Synthetic, Structural and High Field NMR Spectroscopic Studies of Arene-Chromium Complexes
The reaction of chromium hexacarbonyl with arenes yields organometallic complexes of the type (arene)Cr(CO)₃. Complexation to naturally occurring chiral molecules gives diastereomers which can be differentiated by NMR spectroscopy. Typically, the α- and β-isomers of (methyl ℴ-methylpodocarpate)Cr(CO)₃ have been assigned by using ¹H two-dimensional NMR techniques at 500 MHz.
Tricarbonylchromium complexes of 1,3,5-triphenylbenzene and of hexaphenylbenzene (HPB) have been characterized by NMR spectroscopy. The mono-, bis- and tris-Cr(CO)₃ complexes of C₆H₃Ph₃ exhibit rapid phenyl rotation but (hexaphenylbenzene) Cr(CO)₃ displayed restricted rotation. At -80°C, the chromium-bonded phenyl is effectively orthogonal to the central ring and ΔG# for the fluxional process is = 12.2 kcal molˉ¹ (≈ 51 kJ molˉ¹), a value much lower than those of non-complexed hexa-aryl benzenes bearing ortho or meta substituents.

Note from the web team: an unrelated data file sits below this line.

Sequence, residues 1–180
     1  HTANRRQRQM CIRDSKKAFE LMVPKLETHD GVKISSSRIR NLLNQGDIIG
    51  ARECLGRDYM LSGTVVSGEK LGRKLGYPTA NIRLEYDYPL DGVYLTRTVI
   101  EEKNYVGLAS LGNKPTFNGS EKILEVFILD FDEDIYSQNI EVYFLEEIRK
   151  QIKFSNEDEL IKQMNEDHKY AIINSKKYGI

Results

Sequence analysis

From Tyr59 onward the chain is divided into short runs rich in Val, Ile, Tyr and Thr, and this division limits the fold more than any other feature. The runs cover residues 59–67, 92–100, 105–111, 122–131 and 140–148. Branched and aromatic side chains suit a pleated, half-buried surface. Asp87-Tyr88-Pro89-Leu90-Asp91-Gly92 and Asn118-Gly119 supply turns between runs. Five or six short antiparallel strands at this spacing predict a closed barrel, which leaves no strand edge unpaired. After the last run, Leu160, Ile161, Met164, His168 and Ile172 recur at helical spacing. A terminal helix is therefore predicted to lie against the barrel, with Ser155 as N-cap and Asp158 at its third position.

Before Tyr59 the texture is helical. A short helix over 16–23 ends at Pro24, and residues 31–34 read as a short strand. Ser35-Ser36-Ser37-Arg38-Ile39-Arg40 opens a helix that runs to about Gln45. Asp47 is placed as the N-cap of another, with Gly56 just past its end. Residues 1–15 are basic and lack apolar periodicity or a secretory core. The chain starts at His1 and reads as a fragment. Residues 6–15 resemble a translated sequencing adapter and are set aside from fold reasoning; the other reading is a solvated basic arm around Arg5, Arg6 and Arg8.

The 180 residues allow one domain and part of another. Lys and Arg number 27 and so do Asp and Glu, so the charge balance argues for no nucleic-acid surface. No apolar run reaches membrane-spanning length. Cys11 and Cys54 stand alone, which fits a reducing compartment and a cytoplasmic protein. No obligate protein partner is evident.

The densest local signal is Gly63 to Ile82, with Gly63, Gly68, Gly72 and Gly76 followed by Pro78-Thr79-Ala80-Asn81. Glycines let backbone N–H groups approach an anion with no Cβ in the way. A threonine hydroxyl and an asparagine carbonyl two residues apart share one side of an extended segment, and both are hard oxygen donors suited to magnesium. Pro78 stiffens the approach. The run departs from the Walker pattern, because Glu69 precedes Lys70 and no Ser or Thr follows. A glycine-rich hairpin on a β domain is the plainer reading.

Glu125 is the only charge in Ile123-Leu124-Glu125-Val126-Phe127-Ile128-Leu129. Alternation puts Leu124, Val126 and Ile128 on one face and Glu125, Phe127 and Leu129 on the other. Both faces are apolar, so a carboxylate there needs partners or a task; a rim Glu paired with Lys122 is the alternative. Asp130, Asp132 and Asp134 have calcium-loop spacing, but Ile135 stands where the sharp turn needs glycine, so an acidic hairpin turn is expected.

Sterically crowded chromium complexes of hexaethylbenzene (HEB), (HEB)Cr(CO)₂NO⁺ and (HEB)Cr(CO)(CS)(NO)⁺, exhibit restricted rotation about the arene-chromium bond below -100°C. In the variable-temperature ¹³C NMR spectra of (HEB)Cr(CO)(CS)(NO)⁺ each room temperature singlet observed for the methyl, methylene and arene ring carbons is split into six equally intense resonances at -105°C. This provides the first unequivocal demonstration of slowed tripodal rotation in a chromium complex. Two fluxional processes are observed; the lower energy one (ΔG# ≈ 9.4 kcal molˉ¹ or 39 kJ molˉ¹) involves intereonversion within each distal and within each proximal set. The second process (ΔG# ≈ 11.4 kcal molˉ¹ or 48 kJ molˉ¹) requires exchange between proximal and distal environments.
The protonation of (HEB)M(CO)₃, M = Cr or W, yields species in which the proton directly bonded to the metal atom approaches along the three-fold axis of the molecule. In less sterically crowded systems the HM(CO)₃ fragment is fluxional and adopts a square-based pyramidal geometry.